ANNAPOLIS – Maryland school officials may breathe a sigh of relief if Gov. Robert L. Ehrlich fulfills his promise and fully funds all parts of the Thornton Law in his upcoming budget.
The Thornton reform plan, which will provide the state’s public schools with an extra $1.3 billion in state aid, has been funded, but without a designated revenue source. One optional component worth $54 million has been left to languish. That component — called the Geographic Cost of Education Index — would equalize funding between districts based on geography and high cost of education.
The index is designed to compensate counties with more students receiving free or reduced price lunches, having special education needs, or speaking with limited proficiency in the English language, according to a report issued by the Maryland Budget and Tax Policy Institute in September.
“Some people must look at school funding and see huge amounts of money,” said John Wagner, Allegany County’s assistant superintendent of administration and finance. “But it takes huge amounts of money just to maintain the status quo of the system.”
Although the governor has said he considers Thornton fully funded without the provision, state school officials disagree.
“Thornton cannot be fully funded without the index,” State Schools Superintendent Nancy S. Grasmick has said.
Last session, Ehrlich declined to provide index funding in his budget. Without specifically addressing the index, Shareese DeLeaver, Ehrlich’s press secretary, said, “The governor intends to fully fund Thornton” when he releases his budget in January.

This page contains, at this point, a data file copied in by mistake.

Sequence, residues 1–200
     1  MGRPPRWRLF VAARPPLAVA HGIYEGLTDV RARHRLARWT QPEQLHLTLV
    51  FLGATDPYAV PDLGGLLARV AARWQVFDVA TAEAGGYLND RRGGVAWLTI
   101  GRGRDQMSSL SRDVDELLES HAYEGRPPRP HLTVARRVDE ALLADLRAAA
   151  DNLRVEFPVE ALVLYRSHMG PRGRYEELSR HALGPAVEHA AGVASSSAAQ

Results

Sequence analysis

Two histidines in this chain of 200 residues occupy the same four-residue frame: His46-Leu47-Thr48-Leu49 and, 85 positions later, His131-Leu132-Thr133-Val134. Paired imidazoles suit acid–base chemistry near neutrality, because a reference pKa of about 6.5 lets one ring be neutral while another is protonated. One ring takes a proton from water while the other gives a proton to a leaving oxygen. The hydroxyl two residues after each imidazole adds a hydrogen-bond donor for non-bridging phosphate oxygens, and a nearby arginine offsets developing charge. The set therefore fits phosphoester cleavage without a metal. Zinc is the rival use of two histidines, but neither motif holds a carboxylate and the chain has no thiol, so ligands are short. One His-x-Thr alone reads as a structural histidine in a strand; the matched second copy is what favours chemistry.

Addressing withstanding discrepancies is paramount.
“This is the most important area in the budget that the governor has to address,” said Alvin Thornton, Thornton Commission chairman. “And this is an important year for the governor because it is a pre-election year. If he does not fulfill his promise there will be a huge public outcry from all segments.”
In the past, Ehrlich asked the state to approve slot machines to fund the entire Thornton initiative, and address the $800 million budget gap for fiscal year 2006. But slots approval has been blocked every time.
Now schools are counting on the state’s continuing economic improvement and significant political will to assure Thornton’s full funding.
“Given that there are plenty of one-time revenues this year, the governor doesn’t need to cut Thornton,” said Steve Hill, Maryland Budget and Tax Policy Institute director. There is a surplus from the prior fiscal year and corporations are now paying back taxes under the amnesty program passed last year, he said.
But no one really knows what Ehrlich will do.
“It is too early to know. You can never really predict what will happen in a legislative session,” said Delegate John Leopold, R-Anne Arundel, House Appropriations Committee member.
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